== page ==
728195.fig.001
Figure 1: XRD patterns of perovskite manganites where = 0, 0.1, and 0.2.
3.2. Electrical Transport

The design and development of uncooled IR detector (Bolometer) require around the room temperature with high TCR for improved sensitivity [12, 23]. The temperature-dependent resistivities studied in the temperature range 5–300 K are shown in Figure 2. All samples are exhibiting metal-semiconductor/insulator transition ( ). The shift in the , from 239 K (for ) to near the room temperature 289 K (for ), is attributed to the fact that the average radius of site-A increases with the percentage of La. In perovskite manganites, the oxygen ions tend to move towards the center of MnO6 octahedra as decreases, which in turn leads to distortion. Hence, average A-site ionic radii induced distortion is influencing the reduction in Mn–O bond distances and Mn–O–Mn bond angle. This lattice distortion offers a localized state for the electron and causes possible electronic phase separation within the lattice. Therefore, hopping amplitude of the charge carrier from Mn3+ to Mn4+ is decreasing due to suppression of delocalized hopping sites [24]. As the average radius increases, the local lattice distortion reduces due to the shifting of Mn–O–Mn bond angle towards symmetrical side (180°). As a consequence, hopping amplitude increases which leads to shift in towards higher temperature.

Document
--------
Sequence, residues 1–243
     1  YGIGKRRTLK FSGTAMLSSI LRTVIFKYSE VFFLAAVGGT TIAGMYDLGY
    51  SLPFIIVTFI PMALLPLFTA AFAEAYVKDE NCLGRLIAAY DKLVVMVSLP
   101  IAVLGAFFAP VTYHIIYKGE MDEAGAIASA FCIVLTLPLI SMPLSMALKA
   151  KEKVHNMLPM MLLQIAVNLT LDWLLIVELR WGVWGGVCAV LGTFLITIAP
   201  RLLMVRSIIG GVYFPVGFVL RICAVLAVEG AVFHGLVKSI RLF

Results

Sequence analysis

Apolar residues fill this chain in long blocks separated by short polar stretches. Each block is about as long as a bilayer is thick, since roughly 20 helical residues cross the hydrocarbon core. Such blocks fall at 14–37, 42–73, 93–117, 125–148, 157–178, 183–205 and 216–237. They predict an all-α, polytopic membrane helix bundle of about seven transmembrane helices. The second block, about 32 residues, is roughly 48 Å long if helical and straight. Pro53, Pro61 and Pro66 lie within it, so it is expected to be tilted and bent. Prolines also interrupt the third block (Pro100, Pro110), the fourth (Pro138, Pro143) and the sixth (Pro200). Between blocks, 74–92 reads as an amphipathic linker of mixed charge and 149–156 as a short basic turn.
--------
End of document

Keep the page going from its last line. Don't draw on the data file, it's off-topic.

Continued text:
728195.fig.002
Figure 2: Temperature dependent resistivity behavior of where = 0, 0.1 and 0.2.

In order to understand the electrical transport mechanism of manganites, the temperature-dependent resistivity is categorized into two parts: low temperature and high temperature ( )  behaviors. In case of , TCR is positive (i.e., ), while it is negative ( ) for .

3.2.1. Low Temperature Behavior

Based on the temperature-dependent polynomial equations, the variation of resistivity at low temperatures and comparative strengths of the different scattering mechanisms are explained [1419]. These equations are used to explain the low temperature resistivity of manganites which is given in Table 1. From these equations, the conduction phenomenon of different scattering mechanisms is well explained.